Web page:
The wave goes beyond the horizon: the Soviet tropospheric radio relay link "North"
Recently we wrote about European radio relay communication lines used mainly for the needs of stock trading. Their length is several hundred kilometers. But today, few people know that in the Soviet Union a tropospheric radio relay line with a length of more than 13,000 km was built, spanning our northern and Pacific coasts, as well as stretching along the Ob, Yenisei and Lena rivers.
What is tropospheric radio?
In the 1940s and 50s, scientists substantiated and studied the possibility of trans-horizontal propagation of a radio signal: when the receiver and transmitter are so far from each other that they cannot communicate in a straight line due to the curvature of the planet and difficult terrain. Instead, the signal is not directed towards the receiver, but at an angle to the sky, and radio waves at an altitude of 10–15 km are reflected (re-emitted) from the upper boundary (conventionally) of the troposphere and enter the receiver. Due to this, the distance between the receiver and the transmitter can reach 400-600 km.
Of course, the description is very simplified, and in life everything is much more complicated: the border passes at different heights depending on geographic latitude, the height of the “reflecting layer” constantly fluctuates, the signal is reemitted in a wide range and greatly attenuated, which requires powerful transmitters and large antennas and so on.
Military and peaceful construction
Like all the most advanced technologies, tropospheric radio relay communications originated in the military environment. In the 1950s, the Pentagon was concerned about the increased range of the Soviet bomber aircraft, which could already have launched a bombing attack on the United States through the North Pole. However, the Americans could not find out about the approach of the bombers - they simply had nothing to detect. And so in 1954, construction began on the DEW line , an early warning radar network. And to ensure communication between the radar stations and the command center, the deployment of tropospheric radio relay lines began.
In the USSR, with its gigantic inaccessible regions, the colossal northern coast, which is almost entirely located beyond the Arctic Circle, the problem of transport and communications was always acute. After the war, active development of the Far North and the Far East began, and the need for reliable communications became even more acute. Therefore, in the 1950s, we developed the equipment for radio relay stations Horizont. In 1961, the first improved version of the Horizont-M station (60-channel) was tested. After successful tests, the design of a communication line began, which was to primarily connect the territories of the Far North with the European part of the country.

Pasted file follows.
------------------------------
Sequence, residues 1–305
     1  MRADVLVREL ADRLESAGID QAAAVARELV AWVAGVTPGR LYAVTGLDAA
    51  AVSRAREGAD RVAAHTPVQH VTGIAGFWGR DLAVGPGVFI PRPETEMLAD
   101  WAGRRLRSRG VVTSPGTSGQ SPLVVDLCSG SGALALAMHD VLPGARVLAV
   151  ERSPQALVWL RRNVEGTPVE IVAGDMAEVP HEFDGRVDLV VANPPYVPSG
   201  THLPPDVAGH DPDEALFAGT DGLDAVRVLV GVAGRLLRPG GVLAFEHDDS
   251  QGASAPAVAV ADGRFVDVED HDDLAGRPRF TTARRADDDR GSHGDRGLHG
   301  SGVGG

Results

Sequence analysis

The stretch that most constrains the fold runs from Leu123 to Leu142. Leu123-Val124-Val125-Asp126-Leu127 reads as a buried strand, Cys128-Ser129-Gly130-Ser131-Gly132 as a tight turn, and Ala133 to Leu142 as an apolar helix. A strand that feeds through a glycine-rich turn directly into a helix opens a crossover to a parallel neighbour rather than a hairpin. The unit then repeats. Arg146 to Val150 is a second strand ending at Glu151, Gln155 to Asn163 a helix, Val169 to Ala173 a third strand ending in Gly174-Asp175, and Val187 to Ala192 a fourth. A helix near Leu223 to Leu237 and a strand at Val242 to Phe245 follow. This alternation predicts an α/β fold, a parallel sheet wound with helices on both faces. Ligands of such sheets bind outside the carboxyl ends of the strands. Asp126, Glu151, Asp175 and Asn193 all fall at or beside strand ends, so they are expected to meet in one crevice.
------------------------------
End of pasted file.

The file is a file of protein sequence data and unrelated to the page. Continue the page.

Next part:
Since 1966, in the most difficult conditions - extreme cold, permafrost, off-road, difficult terrain, deep snow cover, impassable taiga - the construction of a network of stations of the strategic tropospheric radio relay communication line (TRRL) " North " began. Construction continued until 1970, a total of 46 stations were built.
What was the typical Horizon M station?
First of all, this is an antenna complex consisting of huge parabolic antennas measuring 20x20 or 30x30 meters. The working range is 700-1000 MHz. The huge size of the antennas was due to a very strong attenuation of the signal in the decimeter and centimeter ranges. At the time of its creation, TRRL "North" was a real achievement of engineering thought.
Nearby were technical buildings with equipment, warehouses, a diesel power station and barracks. As a rule, the stations were built near the devil on horns - in deserted areas, far from roads and any civilization in general. Each object was completely autonomous and depended only on the periodic supply of diesel fuel and products.
It is necessary to constantly look after such a large, rather complicated and fragile farm, but civilian specialists were not at all eager to not only live, but even periodically get to these forgotten places. Therefore, the maintenance of the TRRL "North" was assigned to the army: each station was assigned to a military unit . This made sense also because the trunk line addressed the needs of both the national economy and the military.
During the entire period of operation of the line, its equipment was constantly upgraded, reliability increased. By 1977, the North was able to achieve an operating rate of 99.99%: despite all the difficulties of providing a tropospheric communication, the loss of a signal even for one minute was already considered an emergency. In the most loaded directions, the number of channels was increased to 72-84.
TRRL "North" regularly served until the 1990s. However, the development of satellite communications and the collapse of the USSR led to the fact that the stations began to preserve one after the other - in fact, to close. The last of Horizon-M ceased operations in 2003.
The Oka station (in the lower right corner) near the village of Gyda in 2012:
Today, most stations are abandoned and looted. At some stations located near the settlements, the buildings are adapted for warehouses. According to rumors, at the most remote sites the infrastructure has remained almost untouched.
This fate befell not only the Russian "North", but also many American stations of the radio-relay tropospheric communication. For example, a line built in the 1950s and transferred to the management of Japan in 1974. American counterpart of North, White Alice linein Alaska, it lasted until the 1980s: due to the development of satellite communications, it was taken out of service and, for 20 years, some stations were rebuilt and most of them were demolished. But some of the objects have been preserved until now, having turned, like the TRER "Sever" station, into relics, monuments to communication technologies.